Regulation of the F-actin cytoskeleton by c-Abl
Our data, together with those from other laboratories, imply a role for c-Abl in the dynamic organization of the F-actin cytoskeleton. With multiple approaches, we have obtained direct evidence that c-Abl kinase activity positively regulates the F-actin cytoskeleton. Using a small molecule inhibitor for c-Abl kinase, we demonstrated that inhibition of endogenous c-Abl activity not only blocked formation of F-actin microspikes in spreading fibroblasts, but also reduced F-actin branching in embryonic cortical neurons. Conversely, expression of activated c-Abl increased the quantity of microspikes in fibroblasts and increased branching of neurons. Moreover, neurons derived from mouse embryos lacking c-Abl exhibited decreased branching relative to littermate controls.
The stimulatory effect of c-Abl on branching of murine and rat embryonic cortical neurons reported in this study is consistent with the proposed positive regulatory role of dAbl in growth cone dynamics. dAbl is involved in axon outgrowth/guidance (Gertler et al., 1989; Henkemeyer et al., 1990; Gertler et al., 1995; Comer et al., 1998; Wills et al., 1999a; Bashaw et al., 2000; Bear et al., 2001) and specific motor neurons in dAbl−/− Drosophila undergo growth cone arrest similar to the phenotype observed in profilin−/− Drosophila (Wills et al., 1999b). Genetic evidence has established a connection between dAbl and molecules known to regulate F-actin dynamics of neurons. This is supported by the dosage-sensitive effects between dAbl and profilin (Wills et al., 1999b), trio (Rac/Rho GEF) (Liebl et al., 2000), disabled (dab) (Gertler et al., 1989), failed axon connections (fax) (Hill et al., 1995), enabled (ena) (Gertler et al., 1990, 1995; Comer et al., 1998; Wills et al., 1999a; Bashaw et al., 2000) and Dlar (Wills et al., 1999a). Murine c-Abl has also been implicated in the regulation axon outgrowth. Overexpression of activated c-Abl can stimulate neurite outgrowth (Zukerberg et al., 2000), whereas Abl−/−Arg−/− mouse embryos die at E11 due to defects in neurulation associated with gross actin cytoskeletal abnormalities in the neuroepithelium (Koleske et al., 1998). In addition, murine disabled (mDAB) is essential in the layering of cortical neurons (Howell et al., 1999) and the murine enabled (Mena) is essential for proper axon guidance during development (Gertler et al., 1996; Lanier et al., 1999). Further evidence that murine c-Abl is involved in processes that require regulated F-actin dynamics has been reported in fibroblasts and epithelial cells where c-Abl can affect membrane ruffling (Plattner et al., 1999) and cell motility (Frasca et al., 2001; Kain and Klemke, 2001). Here, we provide evidence linking c-Abl kinase activity directly to the formation of peripheral F-actin microspikes. F-actin microspikes may be stabilized through F-actin bundling to form filopodia, highly dynamic structures with exploratory/sensory function, which are precursors to dendritic spines (Kozma et al., 1995). Indeed, c-Abl activity correlated with increased F-actin microspikes in processes that involve exploring and sensing environmental cues: fibroblasts spreading onto fibronectin and in neurons extending neurites.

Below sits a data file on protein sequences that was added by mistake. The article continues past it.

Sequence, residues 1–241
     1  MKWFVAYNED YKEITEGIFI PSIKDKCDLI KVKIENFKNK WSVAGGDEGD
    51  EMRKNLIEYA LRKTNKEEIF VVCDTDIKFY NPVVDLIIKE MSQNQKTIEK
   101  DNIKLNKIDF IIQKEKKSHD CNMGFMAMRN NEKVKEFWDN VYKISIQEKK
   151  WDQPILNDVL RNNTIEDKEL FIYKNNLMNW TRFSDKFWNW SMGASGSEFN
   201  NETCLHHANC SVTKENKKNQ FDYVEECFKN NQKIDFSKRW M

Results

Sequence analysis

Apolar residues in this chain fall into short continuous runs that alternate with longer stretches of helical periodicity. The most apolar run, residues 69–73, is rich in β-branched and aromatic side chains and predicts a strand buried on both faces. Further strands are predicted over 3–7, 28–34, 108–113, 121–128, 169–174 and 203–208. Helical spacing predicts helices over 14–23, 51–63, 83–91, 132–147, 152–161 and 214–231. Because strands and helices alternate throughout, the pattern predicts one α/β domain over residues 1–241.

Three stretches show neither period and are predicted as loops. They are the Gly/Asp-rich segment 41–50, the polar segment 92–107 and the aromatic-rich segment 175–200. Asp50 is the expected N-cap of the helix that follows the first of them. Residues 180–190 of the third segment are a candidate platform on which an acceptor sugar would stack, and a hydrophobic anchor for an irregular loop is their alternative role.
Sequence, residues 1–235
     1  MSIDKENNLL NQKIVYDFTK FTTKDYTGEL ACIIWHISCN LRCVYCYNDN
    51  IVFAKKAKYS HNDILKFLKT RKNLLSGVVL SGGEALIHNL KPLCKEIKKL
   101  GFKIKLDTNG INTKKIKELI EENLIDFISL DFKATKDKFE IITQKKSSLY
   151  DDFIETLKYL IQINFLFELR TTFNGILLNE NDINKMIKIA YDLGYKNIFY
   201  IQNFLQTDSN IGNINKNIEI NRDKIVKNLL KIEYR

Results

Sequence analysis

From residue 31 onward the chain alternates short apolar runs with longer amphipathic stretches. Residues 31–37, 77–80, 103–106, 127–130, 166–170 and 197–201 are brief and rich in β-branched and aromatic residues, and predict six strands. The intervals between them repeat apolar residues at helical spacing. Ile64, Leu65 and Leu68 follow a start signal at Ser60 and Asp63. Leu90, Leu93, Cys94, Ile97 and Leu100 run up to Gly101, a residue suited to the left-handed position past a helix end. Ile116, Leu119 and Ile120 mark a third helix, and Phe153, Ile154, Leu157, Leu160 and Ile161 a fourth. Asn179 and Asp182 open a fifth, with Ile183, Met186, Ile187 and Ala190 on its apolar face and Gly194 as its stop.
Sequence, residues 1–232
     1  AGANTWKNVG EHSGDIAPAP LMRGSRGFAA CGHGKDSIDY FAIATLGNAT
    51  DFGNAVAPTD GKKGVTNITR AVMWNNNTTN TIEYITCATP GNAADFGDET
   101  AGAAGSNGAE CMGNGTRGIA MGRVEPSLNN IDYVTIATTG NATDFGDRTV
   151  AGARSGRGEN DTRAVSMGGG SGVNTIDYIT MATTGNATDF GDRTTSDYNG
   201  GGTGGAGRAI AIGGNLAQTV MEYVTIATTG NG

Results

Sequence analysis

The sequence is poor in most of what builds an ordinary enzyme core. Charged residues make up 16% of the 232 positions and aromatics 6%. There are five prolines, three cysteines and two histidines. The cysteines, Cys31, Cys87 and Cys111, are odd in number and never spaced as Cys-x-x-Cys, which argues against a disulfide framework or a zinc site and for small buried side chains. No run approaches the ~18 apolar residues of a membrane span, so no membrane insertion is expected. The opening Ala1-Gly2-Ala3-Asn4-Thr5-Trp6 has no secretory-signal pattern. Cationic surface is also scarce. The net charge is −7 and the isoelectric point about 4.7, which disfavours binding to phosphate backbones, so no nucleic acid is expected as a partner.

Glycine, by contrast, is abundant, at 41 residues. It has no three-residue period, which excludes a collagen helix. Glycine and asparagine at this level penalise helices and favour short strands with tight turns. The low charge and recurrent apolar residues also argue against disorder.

Consistent with our observation that cortical neurons grown in the presence of STI571 decreased overall neurite length by ∼20%, overexpression of ΔSH3Abl caused extension of neurites on neurons transfected after 2 d in culture (Zukerberg et al., 2000). In addition to this effect, we have found that overexpression of ΔF-actin c-Abl and Abl-PP caused increased branching in our analysis in which neurons were transfected immediately following attachment. The increased branching was revealed by phalloidin staining of fixed cortical neurons. Neurofilament staining did not readily detect these short F-actin–containing branches (Fig. 8 B). In live neurons, GFP-actin has been used to detect actin-rich filopodia and dendritic spines, extremely small neuronal branch–like structures along neurites that form postsynaptic contact sites (Fischer et al., 1998; Colicos et al., 2001). The actin in filopodia and dendritic spines is highly dynamic and drives rapid and continuous changes in cytoskeletal morphology (Fischer et al., 1998; Colicos et al., 2001), which are essential for neuronal pathfinding and synaptogenesis. Furthermore, the stimulatory effect of c-Abl on branch formation in neurons is consistent with a role for c-Abl in regulating growth cone dynamics, as sites of branch formation along axon shafts exhibit many of the dynamic properties of growth cones (Sato et al., 1994; Bastmeyer and O'Leary, 1996; Szebenyi et al., 1998), including a requirement for the rapid regulation of F-actin (Kalil et al., 2000).